Sigh... I really don't know why I should even consider reading so-called "professional" reviews ever again. This is becoming increasingly ridiculous. Of course user ratings are prone to skew and manipulation, but player reception seems to be exceedingly bad this time around, some players I trust confirm the negative impression, and the "professional" critics seem to have an extremely hard time explaining exactly why the game deserves above-mediocre ratings.
You can never trust user scores on Metacritic. They are double that value or more on Gamespot and IGN. As for the 2-point difference on those sites, it can be explained in many ways: maybe the press doesn't have the same fatigue from playing the same game over and over again since that's their job?
I remember reading somewhere that a 79 is basically a "this game is bad, but we're not allowed to give it a bad score". That's pretty damn close, there.
I personally haven't bothered with mainstream reviews in years. They're far to focused on trying to be consumer advice -- "does this game have enough content to justify a $60 price tag?" -- with virtually no real criticism -- "does this game do anything new and interesting? is it worth the time it asks me to invest in it?". I'm an adult with a full-time job -- my time is a bit more of a precious commodity to me than my money. Give me weird, interesting, bold, daring, rough, flawed games, not something I've played 20 times before.
I absolutely and whole-heartedly second what Joe said above. Give me stuff that's new and interesting! I systematically avoid most games that are "blockbuster" material, since they almost always fail to entertain me... Be it Halo, Gears of War, CoD, Tomb Raider or what have you.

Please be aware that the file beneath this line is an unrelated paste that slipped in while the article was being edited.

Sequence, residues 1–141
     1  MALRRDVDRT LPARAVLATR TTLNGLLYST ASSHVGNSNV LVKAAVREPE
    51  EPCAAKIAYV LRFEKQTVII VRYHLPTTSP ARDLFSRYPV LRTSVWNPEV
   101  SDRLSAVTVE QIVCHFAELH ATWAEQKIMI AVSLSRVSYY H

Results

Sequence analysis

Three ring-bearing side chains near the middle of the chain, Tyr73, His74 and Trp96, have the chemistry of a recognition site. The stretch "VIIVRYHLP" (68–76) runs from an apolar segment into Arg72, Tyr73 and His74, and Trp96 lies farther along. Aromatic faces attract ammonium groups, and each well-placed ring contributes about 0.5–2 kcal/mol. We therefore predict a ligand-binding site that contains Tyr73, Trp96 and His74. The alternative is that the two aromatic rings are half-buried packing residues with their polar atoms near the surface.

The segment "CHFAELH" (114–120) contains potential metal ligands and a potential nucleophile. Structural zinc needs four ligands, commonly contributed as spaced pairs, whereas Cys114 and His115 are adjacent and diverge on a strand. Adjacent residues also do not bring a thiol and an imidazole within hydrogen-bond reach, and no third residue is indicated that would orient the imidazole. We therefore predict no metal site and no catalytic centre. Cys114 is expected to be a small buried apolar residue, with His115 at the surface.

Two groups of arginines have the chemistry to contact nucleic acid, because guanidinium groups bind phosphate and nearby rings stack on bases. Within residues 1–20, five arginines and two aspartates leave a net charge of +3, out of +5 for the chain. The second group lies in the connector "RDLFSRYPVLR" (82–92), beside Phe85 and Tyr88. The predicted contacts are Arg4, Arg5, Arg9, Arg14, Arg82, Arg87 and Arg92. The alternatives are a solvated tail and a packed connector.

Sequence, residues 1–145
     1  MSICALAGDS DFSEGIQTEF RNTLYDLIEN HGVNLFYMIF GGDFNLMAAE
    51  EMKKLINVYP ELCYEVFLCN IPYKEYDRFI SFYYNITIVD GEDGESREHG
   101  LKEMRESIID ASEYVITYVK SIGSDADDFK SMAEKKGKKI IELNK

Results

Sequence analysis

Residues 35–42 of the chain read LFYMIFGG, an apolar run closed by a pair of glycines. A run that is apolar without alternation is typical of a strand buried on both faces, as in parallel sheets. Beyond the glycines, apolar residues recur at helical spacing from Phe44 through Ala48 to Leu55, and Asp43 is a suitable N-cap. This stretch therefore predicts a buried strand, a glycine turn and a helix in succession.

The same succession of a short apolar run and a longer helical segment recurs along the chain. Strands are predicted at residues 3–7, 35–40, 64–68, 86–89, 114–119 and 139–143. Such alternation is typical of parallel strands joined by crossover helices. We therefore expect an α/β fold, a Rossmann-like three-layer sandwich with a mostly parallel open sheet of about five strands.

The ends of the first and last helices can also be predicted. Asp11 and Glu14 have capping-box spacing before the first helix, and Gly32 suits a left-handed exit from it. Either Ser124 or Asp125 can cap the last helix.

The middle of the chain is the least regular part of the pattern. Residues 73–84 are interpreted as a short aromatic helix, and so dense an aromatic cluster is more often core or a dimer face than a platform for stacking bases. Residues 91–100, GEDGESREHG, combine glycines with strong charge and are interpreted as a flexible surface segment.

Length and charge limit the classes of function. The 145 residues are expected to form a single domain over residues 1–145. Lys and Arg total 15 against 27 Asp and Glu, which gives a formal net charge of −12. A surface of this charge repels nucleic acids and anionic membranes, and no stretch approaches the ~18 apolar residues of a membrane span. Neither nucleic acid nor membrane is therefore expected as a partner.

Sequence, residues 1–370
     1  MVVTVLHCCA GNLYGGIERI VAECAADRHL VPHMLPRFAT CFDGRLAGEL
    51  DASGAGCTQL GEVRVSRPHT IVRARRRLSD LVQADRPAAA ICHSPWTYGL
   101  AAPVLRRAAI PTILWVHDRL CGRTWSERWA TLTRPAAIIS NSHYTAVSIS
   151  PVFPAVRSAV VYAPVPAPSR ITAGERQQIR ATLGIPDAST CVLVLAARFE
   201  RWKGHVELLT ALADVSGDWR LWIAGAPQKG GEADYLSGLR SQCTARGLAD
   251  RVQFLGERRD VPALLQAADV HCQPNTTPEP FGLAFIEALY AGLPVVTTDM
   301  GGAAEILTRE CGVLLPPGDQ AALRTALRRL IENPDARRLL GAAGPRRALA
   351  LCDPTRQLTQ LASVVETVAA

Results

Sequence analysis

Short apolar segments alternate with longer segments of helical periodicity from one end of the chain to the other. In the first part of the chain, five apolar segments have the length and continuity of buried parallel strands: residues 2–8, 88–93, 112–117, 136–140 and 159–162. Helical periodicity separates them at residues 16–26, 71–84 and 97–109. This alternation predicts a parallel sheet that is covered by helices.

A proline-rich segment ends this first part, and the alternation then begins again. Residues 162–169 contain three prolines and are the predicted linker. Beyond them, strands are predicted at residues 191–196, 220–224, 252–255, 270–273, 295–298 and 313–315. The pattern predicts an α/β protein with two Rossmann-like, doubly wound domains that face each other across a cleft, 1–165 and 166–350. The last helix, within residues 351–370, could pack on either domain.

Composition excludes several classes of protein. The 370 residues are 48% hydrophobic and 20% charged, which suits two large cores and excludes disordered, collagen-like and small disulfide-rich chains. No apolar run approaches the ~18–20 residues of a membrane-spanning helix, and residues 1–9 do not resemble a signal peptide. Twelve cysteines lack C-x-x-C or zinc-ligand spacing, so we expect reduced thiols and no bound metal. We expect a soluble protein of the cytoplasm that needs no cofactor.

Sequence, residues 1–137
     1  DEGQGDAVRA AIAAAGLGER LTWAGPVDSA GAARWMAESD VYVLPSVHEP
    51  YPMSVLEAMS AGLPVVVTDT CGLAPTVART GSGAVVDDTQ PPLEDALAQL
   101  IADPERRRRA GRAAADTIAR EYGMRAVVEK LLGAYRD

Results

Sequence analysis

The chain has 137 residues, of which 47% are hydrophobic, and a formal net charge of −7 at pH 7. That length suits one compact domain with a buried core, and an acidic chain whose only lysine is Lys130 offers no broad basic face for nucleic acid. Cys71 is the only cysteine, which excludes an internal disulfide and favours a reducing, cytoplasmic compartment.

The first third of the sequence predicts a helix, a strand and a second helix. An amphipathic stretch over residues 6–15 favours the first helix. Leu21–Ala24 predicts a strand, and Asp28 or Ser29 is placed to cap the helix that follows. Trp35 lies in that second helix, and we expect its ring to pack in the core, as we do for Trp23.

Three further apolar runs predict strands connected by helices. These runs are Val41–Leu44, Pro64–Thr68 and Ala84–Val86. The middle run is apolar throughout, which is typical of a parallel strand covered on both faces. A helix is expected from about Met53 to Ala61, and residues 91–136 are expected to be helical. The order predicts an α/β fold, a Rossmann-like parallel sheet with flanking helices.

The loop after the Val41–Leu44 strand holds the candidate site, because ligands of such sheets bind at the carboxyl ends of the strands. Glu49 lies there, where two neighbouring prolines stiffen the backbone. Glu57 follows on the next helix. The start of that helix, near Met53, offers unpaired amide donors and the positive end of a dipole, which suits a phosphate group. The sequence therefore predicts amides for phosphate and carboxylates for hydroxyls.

(Edited by Patrick Bregger (85305), Nov 18, 2012)Re: Press vs. players
Patrick Bregger (85305), Nov 18, 2012
Fun fact: user scores are basically useless because people are not able to comprehend that scores besides 0 and 10 exist. So, yes, I definitely rather resort to professional reviews. At least there I can be pretty sure that the reviewer actually played the game and usually receive a more balanced reasoning than "This game SUXXX" or "BEST GAME EVA". Also professional game reviewers who critically destroy a game are normally more entertaining to read than the raging idiots who write tousand words about one or two small things they don't like.
Really, the only place in the internet where I even consider taking user reviews into account, is MobyGames. At least we have a few standards and don't publish everything.